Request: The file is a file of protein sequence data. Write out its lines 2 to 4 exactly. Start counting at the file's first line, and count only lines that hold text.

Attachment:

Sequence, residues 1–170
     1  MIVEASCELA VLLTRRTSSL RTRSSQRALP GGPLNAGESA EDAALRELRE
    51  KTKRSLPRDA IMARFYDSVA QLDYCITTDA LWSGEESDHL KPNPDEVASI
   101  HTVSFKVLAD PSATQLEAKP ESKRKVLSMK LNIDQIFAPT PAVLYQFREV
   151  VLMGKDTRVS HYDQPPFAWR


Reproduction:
     1  MIVEASCELA VLLTRRTSSL RTRSSQRALP GGPLNAGESA EDAALRELRE
    51  KTKRSLPRDA IMARFYDSVA QLDYCITTDA LWSGEESDHL KPNPDEVASI
   101  HTVSFKVLAD PSATQLEAKP ESKRKVLSMK LNIDQIFAPT PAVLYQFREV